I like the crass, off-color environment of the ER. I do. I've always been a blunt, straightforward, no-bullshit kind of person, and I love working with a bunch of other people who value expedience over soothing ruffled feathers. In a trauma, you don't have time to fuck around with, "Pardon me, but could you possibly hand me that transparent bandage?" No. You say, "Op-Cit! I NEED THE OP-CIT RIGHT NOW!" And no one takes it personally. I love that physicians can say, "You are one fucked-up individual," and I know it's a compliment. It's a bizarre world to live in, but I fit here.
Until it's not funny anymore. It's difficult to explain where the line is in an environment like this one, and that is an argument for professionalism, but that just isn't going to happen in an ER setting, ever.
Things that are not funny, ever:
- Colleagues pitching real, furious fits in public areas
- Physicians yelling at nurses
- Especially at patient bedsides
- Humor at a colleague's expense
- Morbid humor at the expense of a truly ill or injured patient
Perhaps ER employees feel as if, since we are thick-skinned and strange people, we can act however we want, but there is a line somewhere. It may be like a game of double-Dutch, but at some point everyone agrees that it has been crossed.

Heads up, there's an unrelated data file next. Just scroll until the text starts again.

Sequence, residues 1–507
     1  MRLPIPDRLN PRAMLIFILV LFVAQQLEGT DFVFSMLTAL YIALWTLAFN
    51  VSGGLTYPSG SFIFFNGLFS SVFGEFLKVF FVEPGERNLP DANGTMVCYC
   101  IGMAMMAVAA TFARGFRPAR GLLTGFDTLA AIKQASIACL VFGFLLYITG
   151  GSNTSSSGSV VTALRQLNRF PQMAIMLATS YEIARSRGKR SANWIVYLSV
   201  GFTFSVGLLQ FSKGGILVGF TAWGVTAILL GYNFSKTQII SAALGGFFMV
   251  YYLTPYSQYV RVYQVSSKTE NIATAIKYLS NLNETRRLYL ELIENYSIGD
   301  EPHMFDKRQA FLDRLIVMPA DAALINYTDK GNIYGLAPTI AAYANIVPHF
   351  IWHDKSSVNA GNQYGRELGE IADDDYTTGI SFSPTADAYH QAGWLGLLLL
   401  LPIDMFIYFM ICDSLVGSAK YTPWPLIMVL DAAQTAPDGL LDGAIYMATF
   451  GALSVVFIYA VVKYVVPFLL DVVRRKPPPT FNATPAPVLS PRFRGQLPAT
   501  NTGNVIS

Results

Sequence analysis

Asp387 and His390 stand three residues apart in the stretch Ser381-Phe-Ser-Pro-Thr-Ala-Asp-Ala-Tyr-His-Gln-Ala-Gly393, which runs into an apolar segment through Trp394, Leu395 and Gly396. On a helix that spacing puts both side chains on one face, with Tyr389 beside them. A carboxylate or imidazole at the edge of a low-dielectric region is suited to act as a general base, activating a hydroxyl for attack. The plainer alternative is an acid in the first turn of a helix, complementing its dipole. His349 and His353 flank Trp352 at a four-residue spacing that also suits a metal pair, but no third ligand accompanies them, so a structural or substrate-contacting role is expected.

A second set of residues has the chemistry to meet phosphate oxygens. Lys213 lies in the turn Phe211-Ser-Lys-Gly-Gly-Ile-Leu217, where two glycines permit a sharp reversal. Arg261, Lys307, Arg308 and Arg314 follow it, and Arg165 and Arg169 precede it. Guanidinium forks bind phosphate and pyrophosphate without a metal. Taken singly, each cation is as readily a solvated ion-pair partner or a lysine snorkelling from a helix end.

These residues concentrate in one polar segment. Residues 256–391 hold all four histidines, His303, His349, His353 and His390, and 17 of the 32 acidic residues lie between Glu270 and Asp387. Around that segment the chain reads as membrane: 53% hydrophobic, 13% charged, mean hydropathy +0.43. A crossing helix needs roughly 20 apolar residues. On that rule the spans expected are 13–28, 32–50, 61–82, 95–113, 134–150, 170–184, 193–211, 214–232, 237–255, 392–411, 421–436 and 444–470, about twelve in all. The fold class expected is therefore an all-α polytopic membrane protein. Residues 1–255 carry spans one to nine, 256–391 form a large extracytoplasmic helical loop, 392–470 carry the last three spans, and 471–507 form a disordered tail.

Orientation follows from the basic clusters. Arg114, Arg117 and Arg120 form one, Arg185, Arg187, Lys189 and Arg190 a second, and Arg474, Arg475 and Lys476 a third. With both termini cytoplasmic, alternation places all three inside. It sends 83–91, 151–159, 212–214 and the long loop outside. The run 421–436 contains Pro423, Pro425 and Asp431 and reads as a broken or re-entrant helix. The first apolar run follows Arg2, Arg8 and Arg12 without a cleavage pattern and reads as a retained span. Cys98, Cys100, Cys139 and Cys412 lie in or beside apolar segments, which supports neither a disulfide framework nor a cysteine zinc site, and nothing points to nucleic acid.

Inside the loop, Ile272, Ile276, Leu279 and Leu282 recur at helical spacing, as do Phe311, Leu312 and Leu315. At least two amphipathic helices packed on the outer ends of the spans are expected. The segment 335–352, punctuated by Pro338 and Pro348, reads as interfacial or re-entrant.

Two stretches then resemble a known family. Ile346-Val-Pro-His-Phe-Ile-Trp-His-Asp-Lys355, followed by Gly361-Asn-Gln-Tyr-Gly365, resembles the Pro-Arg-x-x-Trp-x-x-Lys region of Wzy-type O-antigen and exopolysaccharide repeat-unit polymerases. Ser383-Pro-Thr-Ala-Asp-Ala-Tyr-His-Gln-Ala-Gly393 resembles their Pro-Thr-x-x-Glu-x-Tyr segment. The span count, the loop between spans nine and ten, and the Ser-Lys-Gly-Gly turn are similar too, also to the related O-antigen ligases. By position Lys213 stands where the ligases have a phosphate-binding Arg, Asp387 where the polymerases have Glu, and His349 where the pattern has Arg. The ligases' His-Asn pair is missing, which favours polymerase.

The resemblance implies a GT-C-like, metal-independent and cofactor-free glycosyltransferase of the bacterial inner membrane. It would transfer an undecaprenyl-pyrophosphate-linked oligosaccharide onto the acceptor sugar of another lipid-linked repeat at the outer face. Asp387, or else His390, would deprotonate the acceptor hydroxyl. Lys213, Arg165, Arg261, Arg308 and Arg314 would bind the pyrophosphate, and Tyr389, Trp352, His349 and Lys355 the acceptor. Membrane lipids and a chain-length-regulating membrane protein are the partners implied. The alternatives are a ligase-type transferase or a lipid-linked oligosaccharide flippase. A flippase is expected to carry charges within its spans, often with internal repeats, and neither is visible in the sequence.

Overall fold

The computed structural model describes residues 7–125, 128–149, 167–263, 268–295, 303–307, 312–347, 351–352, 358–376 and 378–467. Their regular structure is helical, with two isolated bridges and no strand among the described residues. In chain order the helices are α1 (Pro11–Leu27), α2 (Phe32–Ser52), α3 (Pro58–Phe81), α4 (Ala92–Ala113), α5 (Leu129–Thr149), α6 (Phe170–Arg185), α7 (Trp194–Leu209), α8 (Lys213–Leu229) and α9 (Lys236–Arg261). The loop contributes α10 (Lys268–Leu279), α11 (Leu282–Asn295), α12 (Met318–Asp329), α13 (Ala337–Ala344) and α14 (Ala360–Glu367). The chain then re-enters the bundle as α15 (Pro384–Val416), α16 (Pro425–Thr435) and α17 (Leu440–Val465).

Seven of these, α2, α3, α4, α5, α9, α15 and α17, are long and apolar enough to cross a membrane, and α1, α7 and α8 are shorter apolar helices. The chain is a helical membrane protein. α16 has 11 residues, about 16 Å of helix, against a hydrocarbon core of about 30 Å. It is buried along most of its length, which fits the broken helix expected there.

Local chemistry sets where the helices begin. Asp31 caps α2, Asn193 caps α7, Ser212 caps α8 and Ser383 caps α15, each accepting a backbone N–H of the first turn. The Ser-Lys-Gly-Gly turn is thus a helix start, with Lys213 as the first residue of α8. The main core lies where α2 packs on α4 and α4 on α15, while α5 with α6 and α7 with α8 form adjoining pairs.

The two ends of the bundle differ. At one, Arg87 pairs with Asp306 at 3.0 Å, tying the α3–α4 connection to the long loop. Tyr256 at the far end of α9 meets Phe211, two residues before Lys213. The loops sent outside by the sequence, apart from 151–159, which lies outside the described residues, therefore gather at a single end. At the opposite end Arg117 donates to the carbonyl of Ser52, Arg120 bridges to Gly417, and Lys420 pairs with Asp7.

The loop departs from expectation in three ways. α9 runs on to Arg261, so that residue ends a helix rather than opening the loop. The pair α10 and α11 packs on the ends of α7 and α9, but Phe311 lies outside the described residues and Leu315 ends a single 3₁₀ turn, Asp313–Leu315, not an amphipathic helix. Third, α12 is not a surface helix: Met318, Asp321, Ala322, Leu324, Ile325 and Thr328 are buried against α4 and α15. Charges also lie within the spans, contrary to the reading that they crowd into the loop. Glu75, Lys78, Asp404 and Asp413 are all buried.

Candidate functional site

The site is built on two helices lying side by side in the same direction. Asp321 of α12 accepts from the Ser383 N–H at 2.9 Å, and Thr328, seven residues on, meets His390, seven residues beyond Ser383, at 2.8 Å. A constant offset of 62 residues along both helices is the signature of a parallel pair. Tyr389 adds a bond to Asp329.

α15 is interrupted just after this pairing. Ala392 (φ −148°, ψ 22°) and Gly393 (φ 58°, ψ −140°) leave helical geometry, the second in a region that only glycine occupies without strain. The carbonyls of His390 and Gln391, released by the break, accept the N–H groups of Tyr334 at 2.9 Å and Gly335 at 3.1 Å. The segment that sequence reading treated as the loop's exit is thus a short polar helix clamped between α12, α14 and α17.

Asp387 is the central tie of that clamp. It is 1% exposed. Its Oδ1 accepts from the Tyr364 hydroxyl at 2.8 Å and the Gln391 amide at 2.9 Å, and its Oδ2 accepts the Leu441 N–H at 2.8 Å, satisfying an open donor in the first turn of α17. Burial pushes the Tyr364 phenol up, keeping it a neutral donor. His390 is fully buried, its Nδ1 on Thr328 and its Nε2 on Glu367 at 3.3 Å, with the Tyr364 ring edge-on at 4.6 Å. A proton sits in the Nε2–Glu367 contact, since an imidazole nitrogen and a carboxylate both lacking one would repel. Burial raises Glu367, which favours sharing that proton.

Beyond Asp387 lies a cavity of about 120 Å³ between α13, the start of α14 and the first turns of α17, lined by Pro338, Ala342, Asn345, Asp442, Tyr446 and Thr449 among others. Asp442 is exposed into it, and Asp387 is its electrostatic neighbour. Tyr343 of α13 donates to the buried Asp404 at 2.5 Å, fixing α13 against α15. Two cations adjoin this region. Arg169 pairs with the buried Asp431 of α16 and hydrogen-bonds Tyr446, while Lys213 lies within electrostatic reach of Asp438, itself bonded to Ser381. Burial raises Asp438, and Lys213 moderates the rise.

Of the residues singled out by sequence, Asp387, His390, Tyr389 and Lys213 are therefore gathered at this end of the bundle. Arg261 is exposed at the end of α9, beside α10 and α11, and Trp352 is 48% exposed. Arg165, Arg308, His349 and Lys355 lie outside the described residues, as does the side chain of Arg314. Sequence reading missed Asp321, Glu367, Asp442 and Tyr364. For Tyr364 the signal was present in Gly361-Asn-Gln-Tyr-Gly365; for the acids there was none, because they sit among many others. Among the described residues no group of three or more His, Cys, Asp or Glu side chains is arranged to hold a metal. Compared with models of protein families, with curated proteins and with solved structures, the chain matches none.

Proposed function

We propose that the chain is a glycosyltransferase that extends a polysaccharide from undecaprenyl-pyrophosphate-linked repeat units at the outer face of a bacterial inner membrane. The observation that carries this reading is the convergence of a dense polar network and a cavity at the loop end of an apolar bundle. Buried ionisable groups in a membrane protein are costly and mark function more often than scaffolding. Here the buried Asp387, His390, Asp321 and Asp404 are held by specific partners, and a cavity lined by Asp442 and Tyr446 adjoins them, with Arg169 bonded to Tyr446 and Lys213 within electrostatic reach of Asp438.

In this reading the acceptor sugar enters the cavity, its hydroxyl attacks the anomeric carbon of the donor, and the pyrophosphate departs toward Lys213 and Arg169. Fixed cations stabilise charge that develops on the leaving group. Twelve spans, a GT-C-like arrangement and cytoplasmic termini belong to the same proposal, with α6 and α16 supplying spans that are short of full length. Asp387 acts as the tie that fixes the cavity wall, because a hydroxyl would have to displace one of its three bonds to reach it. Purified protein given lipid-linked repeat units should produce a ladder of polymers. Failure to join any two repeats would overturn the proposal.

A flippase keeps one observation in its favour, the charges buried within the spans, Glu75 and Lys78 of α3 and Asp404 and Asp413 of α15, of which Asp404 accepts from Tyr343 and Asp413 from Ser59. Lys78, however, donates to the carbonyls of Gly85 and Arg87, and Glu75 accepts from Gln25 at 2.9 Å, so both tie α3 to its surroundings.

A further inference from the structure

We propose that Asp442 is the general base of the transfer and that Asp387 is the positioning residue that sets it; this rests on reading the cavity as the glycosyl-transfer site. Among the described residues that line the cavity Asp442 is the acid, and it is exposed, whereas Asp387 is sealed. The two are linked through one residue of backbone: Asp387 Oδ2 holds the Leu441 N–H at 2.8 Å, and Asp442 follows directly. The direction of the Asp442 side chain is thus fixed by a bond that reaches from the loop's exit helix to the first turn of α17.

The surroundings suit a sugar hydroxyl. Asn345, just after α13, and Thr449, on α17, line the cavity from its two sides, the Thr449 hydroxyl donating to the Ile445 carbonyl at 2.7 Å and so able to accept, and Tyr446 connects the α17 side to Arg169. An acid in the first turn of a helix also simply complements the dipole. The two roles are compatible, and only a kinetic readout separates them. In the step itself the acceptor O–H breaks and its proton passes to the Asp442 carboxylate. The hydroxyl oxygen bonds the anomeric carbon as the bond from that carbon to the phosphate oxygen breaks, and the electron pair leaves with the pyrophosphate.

No one, for example, should EVER put down a colleague in front of a patient. I get incredibly pissed off when physicians do this to me. And when I talk to them about it and am told I am being too sensitive, that makes it worse. I mentally translate "you are being too sensitive" to "I'm calling you names to cover up the fact that I behaved like an asshole and am unable to confess to it."
Other nurses cross lines, too. Usually we know when we've done it and back off, but sometimes it has to be said, and fireworks go off. Somehow, it's worse in an environment where, generally, anything goes.